Question about implementation of print macros

Hello :crab:,

I have a question about the implementation of print macros in Rust.
It seems that the Stdout used by print! and println! macros is wrapped by a
RefCell, and locks are also used to provide thread safety in writing to Stdout.

/* From: /src/libstd/io/ */

thread_local! {
    /// Stdout used by print! and println! macros
    static LOCAL_STDOUT: RefCell<Option<Box<dyn Write + Send>>> = {

/* From: src/libstd/io/ */

#[stable(feature = "rust1", since = "1.0.0")]
impl Write for Stdout {
    fn write(&mut self, buf: &[u8]) -> io::Result<usize> {
    fn write_vectored(&mut self, bufs: &[IoSlice<'_>]) -> io::Result<usize> {
    fn flush(&mut self) -> io::Result<()> {
    fn write_all(&mut self, buf: &[u8]) -> io::Result<()> {
    fn write_fmt(&mut self, args: fmt::Arguments<'_>) -> io::Result<()> {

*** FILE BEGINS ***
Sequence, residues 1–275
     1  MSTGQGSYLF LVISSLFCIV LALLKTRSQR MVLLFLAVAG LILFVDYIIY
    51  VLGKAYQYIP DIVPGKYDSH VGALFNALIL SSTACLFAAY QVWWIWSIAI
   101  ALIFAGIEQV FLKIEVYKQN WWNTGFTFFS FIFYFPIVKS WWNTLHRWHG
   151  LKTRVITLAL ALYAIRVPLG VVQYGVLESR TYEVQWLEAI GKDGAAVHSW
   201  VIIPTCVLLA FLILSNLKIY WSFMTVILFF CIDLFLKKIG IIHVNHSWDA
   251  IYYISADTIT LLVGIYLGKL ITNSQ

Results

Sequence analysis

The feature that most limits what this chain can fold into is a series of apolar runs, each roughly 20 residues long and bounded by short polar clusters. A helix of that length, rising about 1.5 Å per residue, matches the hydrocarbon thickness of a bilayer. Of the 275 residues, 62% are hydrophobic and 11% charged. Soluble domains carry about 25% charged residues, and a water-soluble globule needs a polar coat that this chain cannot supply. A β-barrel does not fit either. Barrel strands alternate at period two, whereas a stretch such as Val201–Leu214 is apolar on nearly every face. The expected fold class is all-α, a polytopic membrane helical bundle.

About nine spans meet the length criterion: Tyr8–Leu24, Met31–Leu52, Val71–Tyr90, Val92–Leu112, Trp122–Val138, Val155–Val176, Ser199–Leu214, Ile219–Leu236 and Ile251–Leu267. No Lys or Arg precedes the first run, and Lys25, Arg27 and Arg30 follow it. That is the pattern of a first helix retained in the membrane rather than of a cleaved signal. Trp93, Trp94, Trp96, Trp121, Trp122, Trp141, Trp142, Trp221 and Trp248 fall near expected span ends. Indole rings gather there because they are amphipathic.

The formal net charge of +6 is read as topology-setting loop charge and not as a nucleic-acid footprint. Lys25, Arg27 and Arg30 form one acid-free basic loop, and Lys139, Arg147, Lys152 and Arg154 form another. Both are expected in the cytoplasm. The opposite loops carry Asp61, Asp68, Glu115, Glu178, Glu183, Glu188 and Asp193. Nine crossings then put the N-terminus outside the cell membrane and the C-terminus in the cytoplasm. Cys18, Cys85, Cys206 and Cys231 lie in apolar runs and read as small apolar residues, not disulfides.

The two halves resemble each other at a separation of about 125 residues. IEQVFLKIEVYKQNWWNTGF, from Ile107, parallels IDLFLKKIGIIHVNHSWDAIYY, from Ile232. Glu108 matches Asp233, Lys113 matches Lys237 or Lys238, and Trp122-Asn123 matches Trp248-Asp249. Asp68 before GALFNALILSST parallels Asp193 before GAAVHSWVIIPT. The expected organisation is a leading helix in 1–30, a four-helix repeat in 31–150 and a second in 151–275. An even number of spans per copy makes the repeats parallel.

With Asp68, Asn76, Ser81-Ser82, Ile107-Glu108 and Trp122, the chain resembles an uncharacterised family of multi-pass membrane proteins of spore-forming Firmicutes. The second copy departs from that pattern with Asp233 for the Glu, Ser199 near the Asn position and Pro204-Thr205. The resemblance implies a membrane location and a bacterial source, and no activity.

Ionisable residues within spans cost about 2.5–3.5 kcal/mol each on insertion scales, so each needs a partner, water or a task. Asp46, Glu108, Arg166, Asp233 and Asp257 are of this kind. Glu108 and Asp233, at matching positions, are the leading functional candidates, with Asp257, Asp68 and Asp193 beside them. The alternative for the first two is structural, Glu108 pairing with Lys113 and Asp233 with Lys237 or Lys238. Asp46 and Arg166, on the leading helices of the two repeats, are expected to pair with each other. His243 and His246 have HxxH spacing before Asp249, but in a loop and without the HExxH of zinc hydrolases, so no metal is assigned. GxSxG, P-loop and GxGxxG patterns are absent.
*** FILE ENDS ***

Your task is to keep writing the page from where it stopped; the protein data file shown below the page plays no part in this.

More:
It also seems that eventually, writing to stdout in Rust invokes a call to libc::write as below.
/* From: src/libstd/sys/unix/ */

pub fn write(&self, buf: &[u8]) -> io::Result<usize> {
    let ret = cvt(unsafe {
        libc::write(self.fd, buf.as_ptr() as *const c_void, cmp::min(buf.len(), max_len()))
    Ok(ret as usize)

I picked up from the web that the write() function in glibc is thread-safe.
In that case, (confining just to Unix/Linux) is it safe to say that print macros in Rust suffer from redundant synchronization?

  • synchronization in the Rust wrapping around invocation of libc::write
  • synchronization inside the implementation of libc::write)

Please correct me if I have misunderstood anything.. Thank you for reading.

It is thread-safe in glibc, but not necessrily so in any other libc implementation. I can't find this info right now, but it's entirely possible that musl, for example, doesn't synchronize internally. And anyway, if this thread-safety is not a part of libc interface guarantees (i.e. it's not required to be so), we can't rely on the implementation.


Each call to write is not guaranteed to write the full buffer. So writing a single line may end up requiring several calls to write (this is what write_all does). So by locking on the full write_all, the entire line is guaranteed to be output without being interleaved with other lines printed by other threads.


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